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Nature Gods verses Human Gods

"Fujinraijin-tawaraya" by 俵屋宗達 (Tawaraya Sotatsu, ? - ?) - Brother Sun , Sister Moon. Licensed under Public Domain via Wikimedia Commons

Fuujin and Raijin, the fearsome and inhuman Shinto gods of wind and thunder. “Fujinraijin-tawaraya” by 俵屋宗達 (Tawaraya Sotatsu, ? – ?) – Brother Sun , Sister Moon. Licensed under Public Domain via Wikimedia Commons

In all the Pagan religions I can think of, practically all the deities have some kind of darker, fearsome aspect to them. And there is a very good reason for this – they represent the forces of nature. [Read more]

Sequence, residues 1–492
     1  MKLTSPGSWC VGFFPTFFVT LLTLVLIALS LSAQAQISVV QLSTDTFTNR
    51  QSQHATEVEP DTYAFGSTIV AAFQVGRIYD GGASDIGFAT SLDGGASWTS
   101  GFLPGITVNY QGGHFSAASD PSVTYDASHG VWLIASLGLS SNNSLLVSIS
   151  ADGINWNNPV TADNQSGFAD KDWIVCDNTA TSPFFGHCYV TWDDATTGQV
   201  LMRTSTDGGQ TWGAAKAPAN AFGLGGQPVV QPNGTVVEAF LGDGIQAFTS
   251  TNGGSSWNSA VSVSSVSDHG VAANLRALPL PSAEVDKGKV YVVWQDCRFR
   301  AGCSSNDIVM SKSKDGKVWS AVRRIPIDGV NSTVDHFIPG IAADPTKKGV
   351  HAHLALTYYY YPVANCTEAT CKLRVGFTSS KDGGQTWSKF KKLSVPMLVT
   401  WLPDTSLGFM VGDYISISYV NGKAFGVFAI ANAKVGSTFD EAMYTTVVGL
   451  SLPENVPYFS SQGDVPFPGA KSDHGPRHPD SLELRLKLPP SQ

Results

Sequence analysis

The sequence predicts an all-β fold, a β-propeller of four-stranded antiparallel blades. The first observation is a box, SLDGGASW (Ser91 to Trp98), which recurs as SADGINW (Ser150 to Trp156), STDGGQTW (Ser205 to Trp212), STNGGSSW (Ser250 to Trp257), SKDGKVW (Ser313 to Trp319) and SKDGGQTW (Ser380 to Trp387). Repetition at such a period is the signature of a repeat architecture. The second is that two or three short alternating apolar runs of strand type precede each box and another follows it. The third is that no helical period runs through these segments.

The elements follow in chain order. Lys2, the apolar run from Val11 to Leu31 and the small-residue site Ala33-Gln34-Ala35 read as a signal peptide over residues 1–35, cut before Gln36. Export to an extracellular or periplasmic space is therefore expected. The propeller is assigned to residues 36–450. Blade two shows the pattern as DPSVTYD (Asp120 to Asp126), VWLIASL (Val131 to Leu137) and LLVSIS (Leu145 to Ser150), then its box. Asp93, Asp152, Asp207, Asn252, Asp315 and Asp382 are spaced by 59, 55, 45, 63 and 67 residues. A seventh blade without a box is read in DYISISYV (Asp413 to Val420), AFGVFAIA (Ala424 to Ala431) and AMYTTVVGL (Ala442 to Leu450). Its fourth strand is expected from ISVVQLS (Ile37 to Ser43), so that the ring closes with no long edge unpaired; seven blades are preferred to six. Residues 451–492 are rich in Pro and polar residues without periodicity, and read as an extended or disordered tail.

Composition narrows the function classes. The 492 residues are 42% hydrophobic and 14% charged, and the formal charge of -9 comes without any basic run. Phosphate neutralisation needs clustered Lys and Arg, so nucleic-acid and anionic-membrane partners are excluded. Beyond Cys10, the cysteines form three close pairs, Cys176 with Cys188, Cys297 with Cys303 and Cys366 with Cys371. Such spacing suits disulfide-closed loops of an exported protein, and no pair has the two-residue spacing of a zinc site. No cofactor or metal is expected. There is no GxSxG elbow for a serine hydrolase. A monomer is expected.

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Kodomo no Hi (Children’s Day) 2014

ImageMay 5th is known as “Kodomo no Hi,” or “Children’s Day” in Japan. It’s a day for celebrating the healthy growth of boys (don’t worry, the girls aren’t left out – there’s a “Girl’s Day” in March). [Read more]

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Filed under Rituals & Festivals, Shinto / Japanese Religion